Published November 20, 2014
With just two weekends left in the regular season, graduation day is approaching for the current class of FCS independent programs.
And just like a student graduating, the future is murky on whether or not that individual, or team, will find immediate success in the next endeavor.
It's a reality Texas State, Georgia State, South Alabama and the University of Texas-San Antonio all must face next season, as their future locations are already set, but wins and losses are far from determined.
Last year's graduating class of independents has found limited success, as Lamar and Savannah State have struggled to climb out of the basements of the Southland Conference and Mid-Eastern Athletic Conference, respectively.
However, if there is a gold-standard for the independent-to-conference transition, it's Old Dominion.
In their first season as a full-time CAA Football member, the Monarchs have stormed out to a 8-2 start and are a lock to reach the postseason. Of course, transitions like this don't happen overnight. The Monarchs posted an impressive 17-5 record during their two-year tenure as an independent program.
On top of its impressive record, the Monarchs also received ample support from the surrounding community and campus - both financially and in spirit - giving coach Bobby Wilder a strong foundation to build on.
"When you have that type of support, then you can put in a proper system as a coach and implement what you're looking to accomplish on special teams, defense and offense," Wilder said.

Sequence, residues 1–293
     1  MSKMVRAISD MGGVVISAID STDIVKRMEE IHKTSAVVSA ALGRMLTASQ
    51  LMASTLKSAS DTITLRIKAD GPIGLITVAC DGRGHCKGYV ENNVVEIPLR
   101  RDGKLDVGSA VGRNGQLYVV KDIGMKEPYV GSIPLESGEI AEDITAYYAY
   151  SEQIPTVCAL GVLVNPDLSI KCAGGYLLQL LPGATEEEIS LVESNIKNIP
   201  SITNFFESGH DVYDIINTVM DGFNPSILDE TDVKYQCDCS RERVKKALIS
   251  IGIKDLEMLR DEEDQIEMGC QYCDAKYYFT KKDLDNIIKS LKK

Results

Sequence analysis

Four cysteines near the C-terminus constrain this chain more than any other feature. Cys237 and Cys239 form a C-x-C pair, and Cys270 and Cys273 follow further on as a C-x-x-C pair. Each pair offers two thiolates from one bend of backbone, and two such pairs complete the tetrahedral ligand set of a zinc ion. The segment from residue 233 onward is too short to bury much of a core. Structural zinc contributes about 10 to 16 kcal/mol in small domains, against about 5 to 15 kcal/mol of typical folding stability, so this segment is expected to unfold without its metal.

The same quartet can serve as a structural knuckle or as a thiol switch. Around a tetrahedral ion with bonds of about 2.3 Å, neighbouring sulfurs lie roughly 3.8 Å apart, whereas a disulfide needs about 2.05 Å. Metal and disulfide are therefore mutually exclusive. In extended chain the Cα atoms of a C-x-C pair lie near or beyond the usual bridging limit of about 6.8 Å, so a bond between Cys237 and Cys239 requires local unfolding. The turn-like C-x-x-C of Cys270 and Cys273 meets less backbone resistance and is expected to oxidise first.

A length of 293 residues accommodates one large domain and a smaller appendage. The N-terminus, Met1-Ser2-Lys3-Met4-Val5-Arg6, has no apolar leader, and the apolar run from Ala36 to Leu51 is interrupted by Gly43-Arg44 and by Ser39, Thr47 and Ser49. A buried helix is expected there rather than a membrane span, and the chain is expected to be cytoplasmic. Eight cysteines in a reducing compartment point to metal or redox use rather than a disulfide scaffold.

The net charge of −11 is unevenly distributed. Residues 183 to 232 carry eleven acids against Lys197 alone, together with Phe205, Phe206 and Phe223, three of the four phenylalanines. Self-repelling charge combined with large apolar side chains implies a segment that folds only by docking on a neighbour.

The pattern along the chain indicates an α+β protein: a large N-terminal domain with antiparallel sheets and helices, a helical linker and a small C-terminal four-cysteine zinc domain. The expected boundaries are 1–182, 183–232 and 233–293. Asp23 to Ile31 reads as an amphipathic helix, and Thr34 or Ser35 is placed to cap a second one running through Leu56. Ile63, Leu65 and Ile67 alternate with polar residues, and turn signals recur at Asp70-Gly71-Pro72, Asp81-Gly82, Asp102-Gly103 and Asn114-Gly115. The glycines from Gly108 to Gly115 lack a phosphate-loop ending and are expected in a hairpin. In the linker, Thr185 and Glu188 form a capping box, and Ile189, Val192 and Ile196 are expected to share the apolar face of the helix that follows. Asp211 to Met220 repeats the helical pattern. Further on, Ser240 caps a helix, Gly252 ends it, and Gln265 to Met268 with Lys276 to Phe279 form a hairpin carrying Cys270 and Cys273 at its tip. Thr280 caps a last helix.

Unfortunately, Old Dominion's example is a tough one to follow, as the four current independents are facing a difficult challenge after the transition.
At UTSA and Georgia State, the support may be there, but the results on the field have yet to reflect the enthusiasm in the crowd.
Set to join the FBS and the Western Athletic Conference next season, UTSA has struggled this season, falling to 3-5 and suffering losses that former BCS Championship winning coach Larry Coker never expected.
"I think we've made some improvements, but there certainly have been some disappointments," he said. "We've lost some games we should've won, blown some leads, and just missed some on some opportunities."
But, even with the struggles his team has faced, Coker is confident his team is on the right track - even if they take a beating or two in the WAC next season.
"I've seen our team getting better," Coker said. "We are a very young team, mostly true or redshirt freshmen. But they're learning how to practice, how to go to class; all things that are part of becoming a complete college football player. The hope is that we do thing right and that next year we learn from taking these lumps."
The shiny silver lining on the Roadrunners' season is their youth. With such a young roster, Coker believes he may have the most experienced sophomore class in the nation next year - at any level.
Two weeks ago, the Roadrunners took another step in the right direction, defeating Georgia State, 17-14, in overtime. It was a win that Coker called a big stepping-stone for his program.
While Coker was taking positives out of the Oct. 29 victory, Georgia State coach Bill Curry saw his team continue to fall off the pace it seemed to have set in its inaugural season.
"This year has been a very disappointing season," Curry said. "The things I thought would happen in the first year didn't happen then, but they did this year. Lapses in concentration, taking leads into the fourth quarter and not holding them."